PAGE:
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Extended Audio Sample Rules for Old Men Waiting: A Novel, by Peter Pouncey Click for printable size audiobook cover
3 out of 53 out of 53 out of 53 out of 53 out of 5 3.00 (378 ratings) (rate this audio book) Author: Peter Pouncey Narrator: Simon Vance Publisher: Penguin Random House Format: Unabridged Audiobook Delivery: Instant Download Audio Length: Release Date: April 2005 ISBN: 9780739321096
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A brief, lyrical novel with a powerful emotional charge, Rules for Old Men Waiting is about three wars of the twentieth century and an ever-deepening marriage. In a house on the Cape “older than the Republic,” Robert MacIver, a historian who long ago played rugby for Scotland, creates a list of rules by which to live out his last days. The most important rule, to “tell a story to its end,” spurs the old Scot on to invent a strange and gripping tale of men in the trenches of the First World War. 

Drawn from a depth of knowledge and imagination, MacIver conjures the implacable, clear-sighted artist Private Callum; the private’s nemesis Sergeant Braddis, with his pincerlike nails; Lieutenant Simon Dodds, who takes on Braddis; and Private Charlie Alston, who is ensnared in this story of inhumanity and betrayal but brings it to a close.

This invented tale of the Great War prompts MacIver’s own memories of his role in World War II and of Vietnam, where his son, David served. Both the stories and the memories alike are lit by the vivid presence of Margaret, his wife. As Hearts and Minds director Peter Davis writes, “Pouncey has wrought an almost inconceivable amount of beauty from pain, loss, and war, and I think he has been able to do this because every page is imbued with the love story at the heart of his astonishing novel.”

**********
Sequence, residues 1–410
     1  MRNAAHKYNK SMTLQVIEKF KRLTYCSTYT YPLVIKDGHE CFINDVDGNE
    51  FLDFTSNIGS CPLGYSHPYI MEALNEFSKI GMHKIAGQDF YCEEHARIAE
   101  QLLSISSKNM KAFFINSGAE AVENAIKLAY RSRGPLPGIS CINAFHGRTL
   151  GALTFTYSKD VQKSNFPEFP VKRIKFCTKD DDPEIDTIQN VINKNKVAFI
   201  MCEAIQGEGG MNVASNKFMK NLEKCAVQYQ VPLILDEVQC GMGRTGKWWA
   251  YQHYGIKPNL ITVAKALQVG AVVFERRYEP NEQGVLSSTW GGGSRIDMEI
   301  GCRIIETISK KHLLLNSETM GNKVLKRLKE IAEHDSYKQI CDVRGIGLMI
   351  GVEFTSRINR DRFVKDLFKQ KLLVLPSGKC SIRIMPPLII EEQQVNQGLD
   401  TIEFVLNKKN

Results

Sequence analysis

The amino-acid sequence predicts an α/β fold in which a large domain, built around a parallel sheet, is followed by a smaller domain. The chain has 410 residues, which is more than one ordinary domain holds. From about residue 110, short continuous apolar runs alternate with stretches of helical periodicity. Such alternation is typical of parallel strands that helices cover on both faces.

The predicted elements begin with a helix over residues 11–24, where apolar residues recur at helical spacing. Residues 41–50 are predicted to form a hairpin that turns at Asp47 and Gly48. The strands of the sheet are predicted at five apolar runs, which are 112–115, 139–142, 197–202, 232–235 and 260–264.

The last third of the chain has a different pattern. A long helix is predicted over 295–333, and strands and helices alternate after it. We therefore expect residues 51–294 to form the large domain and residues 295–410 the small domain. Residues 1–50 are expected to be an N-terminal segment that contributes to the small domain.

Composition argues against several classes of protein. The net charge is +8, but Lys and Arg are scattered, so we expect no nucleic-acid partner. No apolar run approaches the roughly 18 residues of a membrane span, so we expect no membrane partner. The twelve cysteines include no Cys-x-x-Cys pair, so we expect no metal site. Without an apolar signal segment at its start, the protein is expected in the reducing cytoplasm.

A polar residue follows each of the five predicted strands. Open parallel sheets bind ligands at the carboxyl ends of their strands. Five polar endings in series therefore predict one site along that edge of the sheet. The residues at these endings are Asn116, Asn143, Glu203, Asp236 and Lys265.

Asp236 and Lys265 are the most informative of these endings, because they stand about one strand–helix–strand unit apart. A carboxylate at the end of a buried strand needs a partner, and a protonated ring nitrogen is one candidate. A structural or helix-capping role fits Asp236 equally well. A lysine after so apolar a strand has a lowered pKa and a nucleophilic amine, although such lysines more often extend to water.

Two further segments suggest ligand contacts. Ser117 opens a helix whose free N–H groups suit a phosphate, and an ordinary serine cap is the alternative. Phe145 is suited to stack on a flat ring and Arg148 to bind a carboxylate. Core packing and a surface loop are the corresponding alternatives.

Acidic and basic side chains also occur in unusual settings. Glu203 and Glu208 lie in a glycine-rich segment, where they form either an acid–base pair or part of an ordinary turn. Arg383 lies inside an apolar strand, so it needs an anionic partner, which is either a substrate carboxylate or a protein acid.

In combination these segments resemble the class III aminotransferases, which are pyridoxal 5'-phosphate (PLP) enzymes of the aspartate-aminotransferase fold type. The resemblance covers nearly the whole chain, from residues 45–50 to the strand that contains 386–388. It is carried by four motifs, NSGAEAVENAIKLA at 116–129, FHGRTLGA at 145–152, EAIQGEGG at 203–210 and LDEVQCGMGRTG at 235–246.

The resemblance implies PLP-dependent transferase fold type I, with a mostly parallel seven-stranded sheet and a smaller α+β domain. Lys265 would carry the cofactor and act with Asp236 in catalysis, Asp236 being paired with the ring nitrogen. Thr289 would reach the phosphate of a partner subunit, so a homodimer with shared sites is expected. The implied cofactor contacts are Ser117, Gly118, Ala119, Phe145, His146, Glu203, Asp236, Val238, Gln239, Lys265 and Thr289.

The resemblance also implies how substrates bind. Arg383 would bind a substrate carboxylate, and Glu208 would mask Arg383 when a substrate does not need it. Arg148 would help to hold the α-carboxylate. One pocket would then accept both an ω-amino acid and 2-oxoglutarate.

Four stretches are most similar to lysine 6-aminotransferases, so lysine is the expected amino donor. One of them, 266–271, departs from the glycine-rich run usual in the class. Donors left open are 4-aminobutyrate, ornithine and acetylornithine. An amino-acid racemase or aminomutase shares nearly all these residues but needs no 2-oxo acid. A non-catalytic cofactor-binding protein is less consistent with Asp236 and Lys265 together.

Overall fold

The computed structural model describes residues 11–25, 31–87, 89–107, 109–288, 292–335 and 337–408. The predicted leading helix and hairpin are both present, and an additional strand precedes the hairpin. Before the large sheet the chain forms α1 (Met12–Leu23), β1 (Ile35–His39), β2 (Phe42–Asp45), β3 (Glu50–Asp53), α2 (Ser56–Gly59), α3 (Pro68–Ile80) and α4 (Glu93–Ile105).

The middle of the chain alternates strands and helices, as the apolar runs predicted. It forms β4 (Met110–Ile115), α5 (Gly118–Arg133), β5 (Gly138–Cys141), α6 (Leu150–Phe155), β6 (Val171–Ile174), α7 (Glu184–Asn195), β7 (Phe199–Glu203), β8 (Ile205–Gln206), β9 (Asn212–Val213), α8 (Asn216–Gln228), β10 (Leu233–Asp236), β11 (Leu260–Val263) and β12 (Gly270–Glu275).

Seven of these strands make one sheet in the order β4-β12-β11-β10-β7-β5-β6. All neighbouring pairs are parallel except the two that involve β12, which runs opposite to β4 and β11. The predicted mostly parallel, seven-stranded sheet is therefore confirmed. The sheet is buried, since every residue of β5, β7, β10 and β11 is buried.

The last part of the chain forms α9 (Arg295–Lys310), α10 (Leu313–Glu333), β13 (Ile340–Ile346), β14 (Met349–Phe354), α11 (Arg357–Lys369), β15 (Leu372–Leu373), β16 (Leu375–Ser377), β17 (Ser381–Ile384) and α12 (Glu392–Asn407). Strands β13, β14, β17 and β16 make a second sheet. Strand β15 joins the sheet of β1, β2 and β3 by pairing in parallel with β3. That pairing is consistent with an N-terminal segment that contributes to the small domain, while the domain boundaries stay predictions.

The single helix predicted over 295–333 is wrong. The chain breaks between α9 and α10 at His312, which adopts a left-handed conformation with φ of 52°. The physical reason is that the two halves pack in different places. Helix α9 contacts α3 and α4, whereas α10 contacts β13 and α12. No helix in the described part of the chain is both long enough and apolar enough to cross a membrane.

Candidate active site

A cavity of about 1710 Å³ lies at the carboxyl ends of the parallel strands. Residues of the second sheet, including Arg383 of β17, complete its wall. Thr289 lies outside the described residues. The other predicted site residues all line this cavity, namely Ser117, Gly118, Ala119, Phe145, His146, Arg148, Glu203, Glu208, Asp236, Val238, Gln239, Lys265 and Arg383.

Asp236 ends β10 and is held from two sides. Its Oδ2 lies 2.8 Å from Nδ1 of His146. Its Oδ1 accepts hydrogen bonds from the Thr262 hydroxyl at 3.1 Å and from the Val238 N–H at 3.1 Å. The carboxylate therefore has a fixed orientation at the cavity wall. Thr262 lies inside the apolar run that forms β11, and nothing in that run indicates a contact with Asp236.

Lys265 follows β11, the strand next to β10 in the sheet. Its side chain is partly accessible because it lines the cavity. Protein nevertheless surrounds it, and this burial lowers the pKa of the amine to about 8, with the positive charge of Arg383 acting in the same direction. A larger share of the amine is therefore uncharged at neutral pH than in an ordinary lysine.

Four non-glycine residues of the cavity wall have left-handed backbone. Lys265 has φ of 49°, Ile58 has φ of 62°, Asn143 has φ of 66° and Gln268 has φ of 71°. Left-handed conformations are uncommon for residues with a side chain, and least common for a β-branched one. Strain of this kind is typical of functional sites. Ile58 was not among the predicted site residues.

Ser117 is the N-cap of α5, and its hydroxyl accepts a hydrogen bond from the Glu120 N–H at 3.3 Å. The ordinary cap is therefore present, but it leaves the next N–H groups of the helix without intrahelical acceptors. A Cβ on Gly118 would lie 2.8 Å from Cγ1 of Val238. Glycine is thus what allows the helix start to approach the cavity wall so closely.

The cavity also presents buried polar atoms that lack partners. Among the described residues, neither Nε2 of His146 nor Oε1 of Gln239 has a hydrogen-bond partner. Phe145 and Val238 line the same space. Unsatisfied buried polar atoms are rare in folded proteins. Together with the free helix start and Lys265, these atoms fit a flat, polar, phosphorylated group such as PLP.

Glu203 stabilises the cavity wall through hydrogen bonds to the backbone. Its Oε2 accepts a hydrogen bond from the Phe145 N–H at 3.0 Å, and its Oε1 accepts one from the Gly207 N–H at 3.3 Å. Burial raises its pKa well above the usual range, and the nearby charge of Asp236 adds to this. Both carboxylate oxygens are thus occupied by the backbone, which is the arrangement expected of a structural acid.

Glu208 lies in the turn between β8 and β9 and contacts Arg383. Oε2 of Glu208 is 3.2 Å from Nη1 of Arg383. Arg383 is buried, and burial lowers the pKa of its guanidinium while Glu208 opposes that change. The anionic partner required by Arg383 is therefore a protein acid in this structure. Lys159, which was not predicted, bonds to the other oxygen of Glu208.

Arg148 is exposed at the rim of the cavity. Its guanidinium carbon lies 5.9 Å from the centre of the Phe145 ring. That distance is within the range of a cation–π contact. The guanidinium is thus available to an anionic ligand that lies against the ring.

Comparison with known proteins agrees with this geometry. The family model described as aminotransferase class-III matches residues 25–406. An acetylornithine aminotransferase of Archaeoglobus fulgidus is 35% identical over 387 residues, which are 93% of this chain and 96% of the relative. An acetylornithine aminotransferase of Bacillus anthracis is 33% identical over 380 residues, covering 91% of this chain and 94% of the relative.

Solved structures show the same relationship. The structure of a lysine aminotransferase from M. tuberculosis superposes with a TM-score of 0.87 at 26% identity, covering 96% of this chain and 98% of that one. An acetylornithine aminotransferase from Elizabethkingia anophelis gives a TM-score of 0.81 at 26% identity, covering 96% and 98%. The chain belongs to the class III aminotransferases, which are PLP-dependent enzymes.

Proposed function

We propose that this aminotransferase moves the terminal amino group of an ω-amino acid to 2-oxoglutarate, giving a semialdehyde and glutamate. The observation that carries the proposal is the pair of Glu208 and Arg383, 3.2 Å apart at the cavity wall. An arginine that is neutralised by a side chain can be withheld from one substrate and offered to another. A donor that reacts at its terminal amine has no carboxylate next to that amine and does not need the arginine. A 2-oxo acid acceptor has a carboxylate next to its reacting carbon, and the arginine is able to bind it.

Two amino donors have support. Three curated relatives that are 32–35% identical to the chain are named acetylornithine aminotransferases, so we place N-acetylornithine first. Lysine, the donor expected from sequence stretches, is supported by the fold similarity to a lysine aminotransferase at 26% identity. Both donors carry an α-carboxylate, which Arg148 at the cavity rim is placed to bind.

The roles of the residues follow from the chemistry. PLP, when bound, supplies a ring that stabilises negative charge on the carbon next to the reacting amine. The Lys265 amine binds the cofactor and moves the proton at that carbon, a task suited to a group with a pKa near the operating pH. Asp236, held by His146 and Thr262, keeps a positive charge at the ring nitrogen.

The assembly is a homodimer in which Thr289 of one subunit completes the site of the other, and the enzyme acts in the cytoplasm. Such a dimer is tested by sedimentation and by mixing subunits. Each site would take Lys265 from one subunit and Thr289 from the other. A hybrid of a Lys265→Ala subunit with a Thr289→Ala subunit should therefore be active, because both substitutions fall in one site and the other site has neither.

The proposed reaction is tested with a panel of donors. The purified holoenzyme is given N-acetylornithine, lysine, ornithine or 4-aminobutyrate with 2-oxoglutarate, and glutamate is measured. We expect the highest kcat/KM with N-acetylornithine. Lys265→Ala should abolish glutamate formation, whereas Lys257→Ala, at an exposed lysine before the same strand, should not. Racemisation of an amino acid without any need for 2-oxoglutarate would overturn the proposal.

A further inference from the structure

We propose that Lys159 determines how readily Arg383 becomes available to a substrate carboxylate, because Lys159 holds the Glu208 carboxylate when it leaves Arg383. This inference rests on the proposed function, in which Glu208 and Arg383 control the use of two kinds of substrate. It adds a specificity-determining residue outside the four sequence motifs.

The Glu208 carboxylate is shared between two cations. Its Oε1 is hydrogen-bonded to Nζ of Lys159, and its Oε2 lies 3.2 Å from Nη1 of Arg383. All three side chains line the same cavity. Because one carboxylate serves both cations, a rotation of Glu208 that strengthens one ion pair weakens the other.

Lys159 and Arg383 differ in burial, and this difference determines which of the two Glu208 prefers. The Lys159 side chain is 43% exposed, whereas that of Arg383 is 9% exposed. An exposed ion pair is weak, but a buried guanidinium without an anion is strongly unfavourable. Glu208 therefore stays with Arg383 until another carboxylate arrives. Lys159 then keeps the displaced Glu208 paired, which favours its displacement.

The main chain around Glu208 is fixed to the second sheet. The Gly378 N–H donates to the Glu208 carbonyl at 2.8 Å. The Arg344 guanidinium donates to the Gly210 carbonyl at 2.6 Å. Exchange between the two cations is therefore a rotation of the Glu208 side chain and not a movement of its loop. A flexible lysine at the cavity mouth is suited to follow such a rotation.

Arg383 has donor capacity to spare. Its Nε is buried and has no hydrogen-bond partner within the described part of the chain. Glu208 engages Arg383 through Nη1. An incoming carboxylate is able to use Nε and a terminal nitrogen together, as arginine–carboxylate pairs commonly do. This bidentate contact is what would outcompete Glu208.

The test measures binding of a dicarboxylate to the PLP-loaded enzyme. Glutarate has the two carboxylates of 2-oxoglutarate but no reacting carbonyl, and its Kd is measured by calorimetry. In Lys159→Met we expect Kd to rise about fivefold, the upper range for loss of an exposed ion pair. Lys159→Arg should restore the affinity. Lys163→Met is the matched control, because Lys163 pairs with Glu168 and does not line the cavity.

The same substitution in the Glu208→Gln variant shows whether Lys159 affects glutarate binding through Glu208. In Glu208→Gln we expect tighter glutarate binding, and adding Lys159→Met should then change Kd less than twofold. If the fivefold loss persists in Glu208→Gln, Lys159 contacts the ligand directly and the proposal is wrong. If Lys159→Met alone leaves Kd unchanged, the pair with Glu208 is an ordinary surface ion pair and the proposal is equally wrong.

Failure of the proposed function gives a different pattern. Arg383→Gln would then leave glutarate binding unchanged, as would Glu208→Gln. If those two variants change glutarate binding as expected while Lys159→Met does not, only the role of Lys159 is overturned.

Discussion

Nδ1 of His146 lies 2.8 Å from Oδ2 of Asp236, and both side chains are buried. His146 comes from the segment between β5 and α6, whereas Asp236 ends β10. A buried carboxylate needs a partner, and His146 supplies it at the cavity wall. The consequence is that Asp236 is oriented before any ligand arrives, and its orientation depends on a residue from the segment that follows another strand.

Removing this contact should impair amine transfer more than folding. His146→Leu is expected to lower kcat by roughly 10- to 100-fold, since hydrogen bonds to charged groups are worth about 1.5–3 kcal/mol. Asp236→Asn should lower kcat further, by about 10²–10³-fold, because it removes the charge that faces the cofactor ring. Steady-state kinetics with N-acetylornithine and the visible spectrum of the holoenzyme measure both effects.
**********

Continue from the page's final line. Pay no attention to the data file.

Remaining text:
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Listener Opinions

  • 5 out of 55 out of 55 out of 55 out of 55 out of 5 Deborah | 2/20/2014

    " This was a beautiful book - so many stories are inside and they are all told at exactly the right pace. I may have teared up a time or two... "

  • 4 out of 54 out of 54 out of 54 out of 54 out of 5 Valerie | 2/15/2014

    " I will be thinking about this book for a long time - I think it has something valuable to say about selective memory and those things in our natures that we would rather forget but need to confront in order to understand ourselves. The MALIRAB discussion was full of disagreement - a good discussion. I'm not sure how well the author succeeded and maybe he "cheated" - certainly it felt contrived at times but I loved the the feisty independence of this dying man and could identify with him. "

  • 3 out of 53 out of 53 out of 53 out of 53 out of 5 Kathey | 2/6/2014

    " I'm sure it was a good book, but I just couldn't get into the whole army thing. A terribly sexist comment, but this was too "guy" for me. "

  • 4 out of 54 out of 54 out of 54 out of 54 out of 5 Sara Woodbury | 2/6/2014

    " A story within a story. A dying man writes the story that has been on his mind, and the story tells so much in so few words. A keeper. "

  • 5 out of 55 out of 55 out of 55 out of 55 out of 5 Amy Rhodes | 1/29/2014

    " I read this book over two years ago and still remember it in detail. I think it will always be in my top ten favorites of all time; gorgeously written with such insight and warmth. This is a wonderful book--I just hope you can find it...might be one of those that got lost along the way. "